For vegging your plants, go with a cool light, one that emits a “daylight” colour with a high Kelvin of 6,000–6,500K. For flowering, a warm light with a reddish tone, about 2,800K, is optimal. You can also find grow lights with a “best of both worlds” colour temperature of about 3,500K, which you can use for both vegging and flowering.
Every organism living on Earth needs information what is going on around them to react to environmental changes, and ideally, get a slight advantage over other members of their species regarding natural selection and evolution. Interestingly, plants receive a lot of their information from the light they’re exposed to, and almost instantly react to different bands of wave lengths – a complex topic to fill books with, but let us focus on the basics first.
1. Vegetative Stage – “Blue” light for healthy leaves (range: 400-500nm; ideal: 460nm)
During the vegative state it is recommended to aim for as many leaves as possible, and to make sure plants stay rather compact, don’t stretch too much, and develop strong stems. Indoor growers tend to use metal halide bulbs, compact fluorescent lamps (CFL’s), or T5/T8 lighting fixtures with a blue band of light for the first few weeks to achieve these goals. When plants grows in nature, the high angle of the sun in spring and summer allows more “blue” wave lengths to penetrate through the atmosphere, a signal for plants to grow strong, large and healthy leaves.
2. Flowering Period – “Red” light for giant buds (range: 620-780nm; ideal: 660nm)
When plants enter the flowering state, highest yields can be achieved by exposing them to a light spectrum that contains lots of “red” wave lengths to promote budding. The rate of photosynthesis peaks when plants are subjected to “red” wave lengths of 660nm although latest NASA findings suggest that even “green” wave lengths, which are not associated as a major factor in photosynthesis, can also have an impact on how plants grow. Seeing a plant as simple photosynthesis factory is consequently a little hasty. But for now, choosing a lighting solution with a high degree of “red” in its spectrum remains the best way for growers to imitate the shallow angle of the sun in late summer and autumn.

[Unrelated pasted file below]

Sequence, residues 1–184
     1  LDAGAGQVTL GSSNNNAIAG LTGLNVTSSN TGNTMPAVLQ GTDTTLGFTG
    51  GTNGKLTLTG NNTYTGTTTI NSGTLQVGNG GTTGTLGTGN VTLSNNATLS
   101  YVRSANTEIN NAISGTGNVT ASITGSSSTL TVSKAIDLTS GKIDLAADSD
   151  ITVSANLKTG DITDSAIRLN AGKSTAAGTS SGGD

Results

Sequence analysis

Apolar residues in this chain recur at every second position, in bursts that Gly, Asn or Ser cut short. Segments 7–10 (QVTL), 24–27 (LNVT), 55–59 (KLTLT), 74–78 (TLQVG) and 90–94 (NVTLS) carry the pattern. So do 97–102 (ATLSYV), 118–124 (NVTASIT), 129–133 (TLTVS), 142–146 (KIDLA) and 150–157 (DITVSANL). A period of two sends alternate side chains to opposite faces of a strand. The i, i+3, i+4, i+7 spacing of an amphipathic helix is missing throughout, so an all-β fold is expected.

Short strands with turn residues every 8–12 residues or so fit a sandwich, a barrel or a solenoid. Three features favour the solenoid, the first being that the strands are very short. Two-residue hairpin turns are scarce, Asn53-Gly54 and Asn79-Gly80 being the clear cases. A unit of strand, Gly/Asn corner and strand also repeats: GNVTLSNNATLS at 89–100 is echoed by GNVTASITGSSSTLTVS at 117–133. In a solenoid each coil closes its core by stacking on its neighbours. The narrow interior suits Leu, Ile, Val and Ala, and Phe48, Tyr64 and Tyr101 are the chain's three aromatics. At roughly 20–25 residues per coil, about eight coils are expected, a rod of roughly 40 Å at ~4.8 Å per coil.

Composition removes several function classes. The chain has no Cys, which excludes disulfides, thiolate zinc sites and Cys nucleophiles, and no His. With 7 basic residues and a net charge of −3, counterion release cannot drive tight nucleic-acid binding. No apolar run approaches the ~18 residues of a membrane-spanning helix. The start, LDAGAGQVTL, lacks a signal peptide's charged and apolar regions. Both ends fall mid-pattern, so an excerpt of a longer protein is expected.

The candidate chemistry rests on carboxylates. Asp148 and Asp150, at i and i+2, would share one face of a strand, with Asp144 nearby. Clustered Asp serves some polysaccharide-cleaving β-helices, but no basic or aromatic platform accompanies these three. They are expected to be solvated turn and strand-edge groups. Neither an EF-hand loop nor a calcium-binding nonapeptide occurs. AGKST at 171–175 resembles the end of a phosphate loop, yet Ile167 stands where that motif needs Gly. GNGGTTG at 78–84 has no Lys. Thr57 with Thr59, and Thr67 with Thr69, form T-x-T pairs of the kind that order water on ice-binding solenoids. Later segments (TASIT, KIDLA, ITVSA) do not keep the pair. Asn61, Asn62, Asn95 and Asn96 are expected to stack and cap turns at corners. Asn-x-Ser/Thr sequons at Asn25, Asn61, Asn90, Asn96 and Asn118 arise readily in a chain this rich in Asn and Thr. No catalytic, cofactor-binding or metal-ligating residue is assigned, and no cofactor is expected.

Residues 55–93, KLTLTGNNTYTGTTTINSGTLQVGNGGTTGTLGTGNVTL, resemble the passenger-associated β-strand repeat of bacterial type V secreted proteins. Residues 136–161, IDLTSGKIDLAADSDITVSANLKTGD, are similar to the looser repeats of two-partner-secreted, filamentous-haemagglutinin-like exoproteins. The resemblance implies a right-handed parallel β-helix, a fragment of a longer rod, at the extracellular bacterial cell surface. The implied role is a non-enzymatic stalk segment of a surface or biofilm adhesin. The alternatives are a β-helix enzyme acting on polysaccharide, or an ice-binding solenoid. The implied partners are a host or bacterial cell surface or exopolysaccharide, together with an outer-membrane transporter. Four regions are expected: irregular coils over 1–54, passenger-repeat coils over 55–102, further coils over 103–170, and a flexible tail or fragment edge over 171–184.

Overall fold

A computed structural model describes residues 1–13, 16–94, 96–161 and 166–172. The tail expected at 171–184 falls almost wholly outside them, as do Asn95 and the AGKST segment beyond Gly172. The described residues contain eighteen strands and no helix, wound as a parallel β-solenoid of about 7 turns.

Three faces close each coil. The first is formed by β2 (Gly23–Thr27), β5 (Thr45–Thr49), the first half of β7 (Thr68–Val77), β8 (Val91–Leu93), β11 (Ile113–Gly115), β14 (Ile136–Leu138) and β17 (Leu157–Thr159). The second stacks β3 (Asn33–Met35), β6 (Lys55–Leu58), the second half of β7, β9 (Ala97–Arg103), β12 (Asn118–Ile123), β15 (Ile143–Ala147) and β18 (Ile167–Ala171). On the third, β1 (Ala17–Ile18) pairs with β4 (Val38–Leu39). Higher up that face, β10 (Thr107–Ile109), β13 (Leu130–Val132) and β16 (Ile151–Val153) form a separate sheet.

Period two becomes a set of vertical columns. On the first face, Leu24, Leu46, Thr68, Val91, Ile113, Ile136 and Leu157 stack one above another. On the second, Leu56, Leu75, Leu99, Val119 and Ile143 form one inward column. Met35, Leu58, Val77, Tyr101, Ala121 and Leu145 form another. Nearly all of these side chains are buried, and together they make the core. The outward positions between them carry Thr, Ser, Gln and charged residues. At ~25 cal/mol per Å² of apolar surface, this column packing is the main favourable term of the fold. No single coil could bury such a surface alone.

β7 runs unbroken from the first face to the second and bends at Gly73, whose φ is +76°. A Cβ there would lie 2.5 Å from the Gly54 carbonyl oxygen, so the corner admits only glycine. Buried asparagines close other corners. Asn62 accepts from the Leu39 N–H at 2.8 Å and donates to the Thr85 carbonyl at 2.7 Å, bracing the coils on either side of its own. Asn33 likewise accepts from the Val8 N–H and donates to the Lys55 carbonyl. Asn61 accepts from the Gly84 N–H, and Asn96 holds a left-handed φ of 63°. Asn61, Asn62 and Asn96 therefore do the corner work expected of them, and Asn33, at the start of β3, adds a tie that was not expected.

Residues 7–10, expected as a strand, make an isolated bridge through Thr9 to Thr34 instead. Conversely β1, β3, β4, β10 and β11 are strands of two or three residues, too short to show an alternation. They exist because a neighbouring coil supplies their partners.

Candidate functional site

Have you ever wondered why potent plant strains often originate from landraces that naturally grow in high altitude regions? There are experts who suspect ultraviolet light, especially a high exposure to UVB wave lengths (280-315nm), to be responsible for an increased THC production. The theory is based on the fact that a high elevation means lesser atmosphere between plants and the sun, leading to a higher exposure to UV Rays. These ultraviolet wave lenghts knowingly damage our skin, and the human body reacts by producing melanin as protection – a plant assumingly does something similar – it produces more resin and sugars as a form of natural sunscreen. It is too early to say if we are dealing with a theory or a cost-effective method to grow better but the concept seems plausible enough for hands-on experiments. UVB bulbs for reptiles only cost a few bucks; perhaps we should give it a try.
The GrowLedHolland lights have been developed in collaboration with Dutch indoor growers. In recent years we have seen the development from the first LED lamps and have produced a lamp through facts and experience a full calibrated FULL SPECTRUM LED that is suitable for indoor growing.